At a seminar “Solutions to promote the growth of the real estate market in the rest of 2017” in HCMC on August 16, Phuc, who is also deputy general director of Him Lam Land, said the real estate market has slowed down this year compared to two previous years.

The tightening of real estate credit has caused difficulties for investors. Besides, complicated administrative procedures are attributed to the slower growth of the sector.

This year, Him Lam Land will launch only one instead of three new projects as planned due to obstacles to procedures, Phuc added.

Nguyen Minh Khang, general director of LDG Investment Corporation, said it often takes 15 to 18 months to complete administrative procedures for a project excluding the time required for compensation and site clearance.

In addition, land use charge is another obstacle to developing a property project as it is unpredictable. LDG acquired a land lot for VND120 billion (US$5.27 million), but the land use charge paid to the State alone amounted to VND115 billion. It means that real estate enterprises have to pay a large amount of money to the State, thus causing prices of houses to skyrocket, said Khang.

Economic expert Dinh The Hien said the scarcity of land, site clearance difficulties and high land use charge in the city have caused the suspension of many projects.

Data of the HoREA shows that houses offered for sale in the first half of this year decreased compared to the year-ago period. The number of low-cost and high-end houses rose 1.9 and 1.8 times respectively while the number of houses in the mid-end segment went down by 42.1%. Some large investors in this segment had no houses to sell.

A decrease in speculation was also mentioned as a reason of the stagnant market. Enterprises investing in the low-cost segment are expected to gain sustainable development in the future.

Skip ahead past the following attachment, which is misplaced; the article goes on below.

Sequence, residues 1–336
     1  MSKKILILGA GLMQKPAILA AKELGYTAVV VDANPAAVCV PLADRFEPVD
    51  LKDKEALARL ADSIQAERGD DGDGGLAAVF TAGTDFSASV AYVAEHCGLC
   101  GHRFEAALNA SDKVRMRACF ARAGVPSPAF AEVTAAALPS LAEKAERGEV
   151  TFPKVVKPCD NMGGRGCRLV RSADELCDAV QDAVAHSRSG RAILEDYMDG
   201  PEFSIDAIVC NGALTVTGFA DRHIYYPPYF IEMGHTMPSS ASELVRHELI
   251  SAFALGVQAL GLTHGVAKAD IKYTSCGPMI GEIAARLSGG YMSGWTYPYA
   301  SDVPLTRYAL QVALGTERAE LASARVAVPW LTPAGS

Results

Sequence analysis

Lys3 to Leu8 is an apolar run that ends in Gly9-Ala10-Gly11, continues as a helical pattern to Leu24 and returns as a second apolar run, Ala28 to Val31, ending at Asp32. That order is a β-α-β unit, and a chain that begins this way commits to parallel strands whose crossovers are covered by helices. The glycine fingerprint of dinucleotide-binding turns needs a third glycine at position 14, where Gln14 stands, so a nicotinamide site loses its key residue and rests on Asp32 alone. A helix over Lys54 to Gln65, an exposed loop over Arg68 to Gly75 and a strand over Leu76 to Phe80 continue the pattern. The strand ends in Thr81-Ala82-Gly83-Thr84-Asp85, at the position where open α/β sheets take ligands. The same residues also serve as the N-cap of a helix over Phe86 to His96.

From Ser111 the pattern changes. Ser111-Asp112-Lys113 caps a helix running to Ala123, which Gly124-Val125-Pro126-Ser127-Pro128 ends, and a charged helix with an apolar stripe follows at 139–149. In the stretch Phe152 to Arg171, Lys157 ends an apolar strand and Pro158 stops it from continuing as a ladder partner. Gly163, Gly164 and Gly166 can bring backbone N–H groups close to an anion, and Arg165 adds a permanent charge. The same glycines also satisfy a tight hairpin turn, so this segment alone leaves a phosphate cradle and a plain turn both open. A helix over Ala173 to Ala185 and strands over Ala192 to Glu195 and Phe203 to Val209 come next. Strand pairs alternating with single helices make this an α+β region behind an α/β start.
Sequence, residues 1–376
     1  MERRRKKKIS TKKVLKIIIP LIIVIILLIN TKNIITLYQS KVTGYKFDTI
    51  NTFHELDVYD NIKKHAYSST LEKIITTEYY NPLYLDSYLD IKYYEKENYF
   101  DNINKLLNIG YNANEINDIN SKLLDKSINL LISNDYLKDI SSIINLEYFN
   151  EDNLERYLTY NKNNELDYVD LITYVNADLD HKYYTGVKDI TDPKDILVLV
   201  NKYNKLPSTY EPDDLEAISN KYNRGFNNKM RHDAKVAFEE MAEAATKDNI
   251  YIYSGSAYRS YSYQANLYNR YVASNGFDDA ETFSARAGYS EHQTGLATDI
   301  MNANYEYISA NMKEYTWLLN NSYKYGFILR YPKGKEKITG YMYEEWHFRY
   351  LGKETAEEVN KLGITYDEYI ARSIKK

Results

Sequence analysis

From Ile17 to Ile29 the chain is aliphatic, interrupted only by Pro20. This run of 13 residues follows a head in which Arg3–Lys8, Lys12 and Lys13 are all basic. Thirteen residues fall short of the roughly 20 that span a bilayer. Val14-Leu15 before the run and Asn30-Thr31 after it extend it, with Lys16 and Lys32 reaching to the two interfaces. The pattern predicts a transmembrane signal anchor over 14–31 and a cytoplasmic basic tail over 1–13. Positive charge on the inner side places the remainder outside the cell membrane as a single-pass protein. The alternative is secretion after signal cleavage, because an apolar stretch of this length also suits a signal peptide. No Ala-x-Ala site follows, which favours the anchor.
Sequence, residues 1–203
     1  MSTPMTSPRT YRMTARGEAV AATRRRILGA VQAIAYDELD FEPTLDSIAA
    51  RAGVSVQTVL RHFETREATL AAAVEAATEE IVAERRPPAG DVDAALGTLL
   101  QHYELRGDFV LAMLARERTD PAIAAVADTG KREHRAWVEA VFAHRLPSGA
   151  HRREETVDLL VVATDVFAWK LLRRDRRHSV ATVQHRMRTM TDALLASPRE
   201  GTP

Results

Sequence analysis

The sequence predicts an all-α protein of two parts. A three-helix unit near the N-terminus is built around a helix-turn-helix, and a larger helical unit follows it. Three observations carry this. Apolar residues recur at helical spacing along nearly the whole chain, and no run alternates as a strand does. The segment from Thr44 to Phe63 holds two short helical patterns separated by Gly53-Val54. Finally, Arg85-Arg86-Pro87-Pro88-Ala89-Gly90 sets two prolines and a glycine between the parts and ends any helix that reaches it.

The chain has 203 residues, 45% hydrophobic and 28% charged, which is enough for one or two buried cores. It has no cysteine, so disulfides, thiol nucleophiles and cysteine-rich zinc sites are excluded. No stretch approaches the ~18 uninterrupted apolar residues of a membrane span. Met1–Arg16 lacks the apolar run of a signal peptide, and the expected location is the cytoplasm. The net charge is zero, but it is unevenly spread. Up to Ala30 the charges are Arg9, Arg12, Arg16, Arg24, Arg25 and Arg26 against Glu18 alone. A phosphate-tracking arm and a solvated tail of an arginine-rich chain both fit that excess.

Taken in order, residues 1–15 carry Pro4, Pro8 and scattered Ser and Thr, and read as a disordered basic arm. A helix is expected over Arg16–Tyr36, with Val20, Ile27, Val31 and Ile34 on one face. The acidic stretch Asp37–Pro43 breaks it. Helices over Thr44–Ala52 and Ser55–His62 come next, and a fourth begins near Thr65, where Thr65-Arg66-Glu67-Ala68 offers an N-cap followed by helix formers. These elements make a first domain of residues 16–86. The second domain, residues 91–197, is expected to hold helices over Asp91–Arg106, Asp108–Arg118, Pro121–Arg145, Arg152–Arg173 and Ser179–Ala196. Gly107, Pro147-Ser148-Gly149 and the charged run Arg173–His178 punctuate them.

Bui Quang Tin, another economic expert, said interest rates may go down in the five remaining months of this year as well as in the upcoming years, making life easier for those realty developers with access to credit.

At the seminar, Vu Van Phan, deputy head of the Housing and Real Estate Market Management Department under the Ministry of Construction, said the Standing Committee of the National Assembly has approved VND840 billion to build houses for policy people and VND1,160-billion loans to build social houses as stipulated in Decree 100.

The Vietnam Bank for Social Policies has also mobilized some VND1 trillion to develop social housing projects. A total of VND2 trillion will be disbursed this year to support enterprises and home buyers.



Back to Top




ExxonMobil to kick off multi-billion dollar gas-to-power complex in October


ExxonMobil Corporation from the US is completing the geological survey and build the design of the pipeline installation, aiming to conduct the construction of the onshore infrastructure of the Blue Whale (Ca Voi Xanh) gas-to-power complex located in the central provinces of Quang Nam and Quang Ngai.

At a working session with leaders of the Management Board of Dung Quat Economic Zone, the representative of ExxonMobil confirmed that the corporation is preparing the necessary conditions to implement the construction. At present, the corporation has carried out the land survey and took soil samples to conduct the environmental impact report.

The investor urged relevant authorities to complete other procedures so that it can implement the project soon.

The exact amount of investment capital has not been released, but initial information suggested that the gas-to-power complex could carry a price tag of $20 billion. However, Vietnam's state-run oil and gas group PetroVietnam, the co-investors of the project, referred to $10 billion.

ExxonMobil and PetroVietnam signed a memorandum of understanding for the project in 2013. The project is believed to have high feasibility thanks to the good reputation of the investor and the readiness of the local authorities.